Charleston Post and Courier
July 6, 2016
By Brian Hicks Columnist
One reader writes that electricity rates seem to go up every year, and “I wish someone would help us customers.”
And thousands of Charleston-area residents say “Amen.” Next to the state of our roads, people gripe about few things as much as their power bill.
But SCE&G really doesn’t raise its rates every year.
Sometimes they do it two or three times.
Between 2008 and 2015, SCE&G raised its rates 14 times, half of those to help finance nuclear reactors. Now they want another increase.
Man, those cooling towers are not only scary, they’re pricey.
In fairness, every now and then the utility lowers rates a little.
But, as they did in the spring, that’s usually just before they ask for another whopping 3 percent increase.
Company officials say your rates won’t be any higher at the end of this year than they were at the beginning. Pardon some people if they don’t believe that. In the past decade, SCE&G rates have gone up by about 50 percent.
And you know who let it happen? Yep, the state.
This ain’t cable TV — we require power to live.
And when you are forced to pay a monopoly for something you can’t get anywhere else, that’s not the marketplace at work — it’s more like a tax increase.
In the briar patch
Some people like to say government should be run more like a business. This should make them re-think that.
This nuclear plant project — co-owned with Santee Cooper, a state utility — has been plagued by delays and cost overruns. But neither the contractor nor the company has been held accountable for these maladies. They have the same solution no matter whose fault it is: Another $800 million?
Well, pass it on to the customers and pass out those dividend checks!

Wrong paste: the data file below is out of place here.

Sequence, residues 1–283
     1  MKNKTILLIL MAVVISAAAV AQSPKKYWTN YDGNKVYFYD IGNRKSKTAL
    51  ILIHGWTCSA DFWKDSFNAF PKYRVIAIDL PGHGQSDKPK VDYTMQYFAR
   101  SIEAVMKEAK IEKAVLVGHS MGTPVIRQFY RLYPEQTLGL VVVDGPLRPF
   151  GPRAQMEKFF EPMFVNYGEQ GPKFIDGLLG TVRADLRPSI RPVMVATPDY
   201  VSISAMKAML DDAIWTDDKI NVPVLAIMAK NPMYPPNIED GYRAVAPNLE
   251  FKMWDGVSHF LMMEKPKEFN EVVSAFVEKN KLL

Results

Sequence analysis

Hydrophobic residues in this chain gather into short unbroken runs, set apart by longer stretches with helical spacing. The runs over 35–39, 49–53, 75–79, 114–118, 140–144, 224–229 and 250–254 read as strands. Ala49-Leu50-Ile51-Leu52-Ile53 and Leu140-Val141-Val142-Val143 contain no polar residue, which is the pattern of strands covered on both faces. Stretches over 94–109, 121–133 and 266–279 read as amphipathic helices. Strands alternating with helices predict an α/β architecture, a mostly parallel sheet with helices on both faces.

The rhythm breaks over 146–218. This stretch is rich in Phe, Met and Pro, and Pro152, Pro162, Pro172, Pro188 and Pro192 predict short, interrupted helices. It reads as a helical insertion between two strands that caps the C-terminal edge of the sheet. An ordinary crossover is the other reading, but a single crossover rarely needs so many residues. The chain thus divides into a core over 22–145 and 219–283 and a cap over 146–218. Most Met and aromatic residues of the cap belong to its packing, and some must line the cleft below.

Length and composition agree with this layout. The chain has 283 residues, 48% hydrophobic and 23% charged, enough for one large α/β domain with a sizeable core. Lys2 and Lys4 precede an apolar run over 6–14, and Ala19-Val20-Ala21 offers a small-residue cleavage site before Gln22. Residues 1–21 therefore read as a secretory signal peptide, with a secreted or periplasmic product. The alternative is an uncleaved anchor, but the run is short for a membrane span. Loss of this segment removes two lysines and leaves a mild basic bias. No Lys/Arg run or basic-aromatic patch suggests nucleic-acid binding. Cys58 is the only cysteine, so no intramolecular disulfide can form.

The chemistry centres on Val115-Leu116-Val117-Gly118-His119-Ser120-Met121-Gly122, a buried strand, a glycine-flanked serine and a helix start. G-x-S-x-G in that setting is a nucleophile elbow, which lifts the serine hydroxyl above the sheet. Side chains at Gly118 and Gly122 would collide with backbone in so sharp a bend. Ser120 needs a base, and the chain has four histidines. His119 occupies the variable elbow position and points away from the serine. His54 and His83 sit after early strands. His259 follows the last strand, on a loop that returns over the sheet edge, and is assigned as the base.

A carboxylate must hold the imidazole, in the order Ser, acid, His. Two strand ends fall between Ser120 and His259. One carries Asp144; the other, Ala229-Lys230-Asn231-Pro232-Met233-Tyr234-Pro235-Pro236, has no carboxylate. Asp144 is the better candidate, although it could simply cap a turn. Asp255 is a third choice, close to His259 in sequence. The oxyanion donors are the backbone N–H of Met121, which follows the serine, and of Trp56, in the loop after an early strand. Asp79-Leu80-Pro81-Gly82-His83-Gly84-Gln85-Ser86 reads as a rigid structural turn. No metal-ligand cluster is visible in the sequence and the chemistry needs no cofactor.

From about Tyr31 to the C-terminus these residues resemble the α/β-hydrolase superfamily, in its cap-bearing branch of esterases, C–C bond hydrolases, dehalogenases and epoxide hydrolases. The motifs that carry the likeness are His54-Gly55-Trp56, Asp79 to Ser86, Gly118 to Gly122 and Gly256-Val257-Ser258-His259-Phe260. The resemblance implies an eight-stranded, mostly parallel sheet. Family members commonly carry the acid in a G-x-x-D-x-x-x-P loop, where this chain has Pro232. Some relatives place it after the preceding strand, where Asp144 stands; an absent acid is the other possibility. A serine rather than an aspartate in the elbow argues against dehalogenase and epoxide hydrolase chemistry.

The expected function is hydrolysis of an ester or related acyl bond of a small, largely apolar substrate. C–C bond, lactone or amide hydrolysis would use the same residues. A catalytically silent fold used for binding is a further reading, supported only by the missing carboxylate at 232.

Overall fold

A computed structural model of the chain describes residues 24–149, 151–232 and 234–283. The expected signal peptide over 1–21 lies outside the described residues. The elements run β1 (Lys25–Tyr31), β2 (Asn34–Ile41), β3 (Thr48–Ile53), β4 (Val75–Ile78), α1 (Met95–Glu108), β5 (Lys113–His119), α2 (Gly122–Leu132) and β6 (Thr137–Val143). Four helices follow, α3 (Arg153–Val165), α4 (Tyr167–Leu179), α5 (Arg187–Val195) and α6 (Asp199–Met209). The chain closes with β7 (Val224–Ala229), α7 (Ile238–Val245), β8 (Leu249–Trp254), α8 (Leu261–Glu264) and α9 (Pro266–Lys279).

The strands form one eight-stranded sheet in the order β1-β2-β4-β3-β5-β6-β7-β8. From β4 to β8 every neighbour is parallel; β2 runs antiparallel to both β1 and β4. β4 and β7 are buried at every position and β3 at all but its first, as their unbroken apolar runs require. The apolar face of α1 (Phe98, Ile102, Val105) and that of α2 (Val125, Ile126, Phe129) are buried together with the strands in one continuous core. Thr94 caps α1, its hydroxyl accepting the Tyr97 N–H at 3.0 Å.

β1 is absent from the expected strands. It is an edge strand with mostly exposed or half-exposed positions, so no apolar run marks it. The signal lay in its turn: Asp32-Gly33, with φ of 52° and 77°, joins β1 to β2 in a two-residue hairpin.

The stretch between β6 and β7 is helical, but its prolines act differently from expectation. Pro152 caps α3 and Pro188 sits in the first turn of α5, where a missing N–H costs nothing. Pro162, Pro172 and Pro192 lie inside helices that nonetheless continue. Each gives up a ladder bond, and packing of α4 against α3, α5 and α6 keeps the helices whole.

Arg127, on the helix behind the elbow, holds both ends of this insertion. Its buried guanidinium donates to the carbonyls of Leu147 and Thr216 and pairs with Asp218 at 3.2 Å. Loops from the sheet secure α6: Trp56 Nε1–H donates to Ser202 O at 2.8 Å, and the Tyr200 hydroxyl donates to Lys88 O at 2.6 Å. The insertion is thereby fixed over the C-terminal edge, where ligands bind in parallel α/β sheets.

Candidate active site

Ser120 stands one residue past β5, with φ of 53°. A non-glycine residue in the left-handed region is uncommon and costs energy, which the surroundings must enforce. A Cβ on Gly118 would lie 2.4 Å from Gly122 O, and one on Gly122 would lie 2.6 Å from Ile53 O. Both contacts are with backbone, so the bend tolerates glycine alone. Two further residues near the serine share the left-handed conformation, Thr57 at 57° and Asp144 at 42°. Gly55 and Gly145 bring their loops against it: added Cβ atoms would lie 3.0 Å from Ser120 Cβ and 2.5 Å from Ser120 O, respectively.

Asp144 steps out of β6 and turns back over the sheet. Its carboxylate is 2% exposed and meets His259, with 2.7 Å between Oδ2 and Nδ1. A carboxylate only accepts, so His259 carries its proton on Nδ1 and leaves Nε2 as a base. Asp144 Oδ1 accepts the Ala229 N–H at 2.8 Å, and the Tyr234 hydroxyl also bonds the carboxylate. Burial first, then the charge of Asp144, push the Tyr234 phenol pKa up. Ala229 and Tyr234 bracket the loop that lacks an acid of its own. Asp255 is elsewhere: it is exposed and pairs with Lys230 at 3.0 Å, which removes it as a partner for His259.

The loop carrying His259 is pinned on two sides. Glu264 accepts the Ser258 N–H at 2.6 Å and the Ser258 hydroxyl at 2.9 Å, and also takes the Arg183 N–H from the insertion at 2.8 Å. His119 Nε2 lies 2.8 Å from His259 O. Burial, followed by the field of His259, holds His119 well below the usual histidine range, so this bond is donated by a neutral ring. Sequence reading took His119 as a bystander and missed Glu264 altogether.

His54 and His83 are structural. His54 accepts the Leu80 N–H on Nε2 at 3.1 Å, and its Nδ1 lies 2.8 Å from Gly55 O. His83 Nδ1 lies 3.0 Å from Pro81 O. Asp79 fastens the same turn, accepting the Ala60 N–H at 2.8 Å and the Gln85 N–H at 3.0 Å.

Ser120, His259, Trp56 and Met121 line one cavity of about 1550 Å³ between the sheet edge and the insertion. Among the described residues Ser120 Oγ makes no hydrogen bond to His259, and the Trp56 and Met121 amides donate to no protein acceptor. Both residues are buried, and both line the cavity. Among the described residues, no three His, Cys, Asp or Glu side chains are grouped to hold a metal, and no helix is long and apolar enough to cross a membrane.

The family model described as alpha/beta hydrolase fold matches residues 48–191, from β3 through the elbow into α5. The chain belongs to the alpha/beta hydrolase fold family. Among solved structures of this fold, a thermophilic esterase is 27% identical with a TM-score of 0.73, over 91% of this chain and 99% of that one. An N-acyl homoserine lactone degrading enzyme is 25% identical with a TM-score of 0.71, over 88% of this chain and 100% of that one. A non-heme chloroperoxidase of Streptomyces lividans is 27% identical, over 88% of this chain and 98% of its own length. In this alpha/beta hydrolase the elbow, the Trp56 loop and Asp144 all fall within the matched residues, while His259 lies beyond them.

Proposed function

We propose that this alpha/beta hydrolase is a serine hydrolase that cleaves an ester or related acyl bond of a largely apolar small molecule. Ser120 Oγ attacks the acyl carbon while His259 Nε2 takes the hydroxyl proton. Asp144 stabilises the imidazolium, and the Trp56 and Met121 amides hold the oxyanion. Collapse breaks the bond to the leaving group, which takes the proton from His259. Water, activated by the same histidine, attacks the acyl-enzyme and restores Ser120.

Conversely, when the completion of Interstate 526 was plagued by delays and cost overruns, the state just dropped it. So if government operated like a business our taxes might go through the roof — but at least we’d get our roads paved.
Critics of the utilities blame the government for allowing utilities to operate this way, and they’re right.
See, utilities have to get approval to raise rates from the Public Service Commission. And our state regulators, bless their hearts, just can’t say no.
The utilities graciously give them cover by asking for more than they need so our wonderful public watchdogs can say, “You can’t have a 3.1 percent rate increase, that’s preposterous. You get 2 percent.”
Just wait and see.
It’s the biggest scam since “Please don’t throw me in that briar patch.”
This will make you hotter than a July power outage: state law allows the utility to raise rates enough to guarantee themselves a profit.
The PSC can’t tell the utilities to dip into the first 10 or so percent of their profits to pay for cost overruns.
So these guys get a monopoly and guaranteed profits.
You should thank conservative lawmakers for their defense of capitalism there …
Frank Knapp, president and CEO of the S.C. Small Business Chamber of Commerce, says this should be no surprise.
He told reporter David Wren the Legislature gives utilities a “blank check.”
In 2008, lawmakers passed a Base Load Review Act that allows a utility to pass along cost for the nuclear plant project as it goes along instead of issuing bonds, like Santee Cooper and most companies.
Knapp says lawmakers let the industry write the bill and, as is often the case, didn’t understand it. Honestly, you can’t expect a bunch of part-time legislators to understand industry jargon. But they should at least check their power bills.
A while back, SCE&G had this complicated weather normalization adjustment plan to stabilize bills, but it was so convoluted — and of suspicious benefit — that it was shut down by popular demand.
Maybe the state needs to re-evaluate this pay-as-you-go financing plan, too, since SCE&G customers are liable to go nuclear before that uber-expensive plant.
Or else we could just ask SCE&G, while they’re picking our pockets, to finish 526.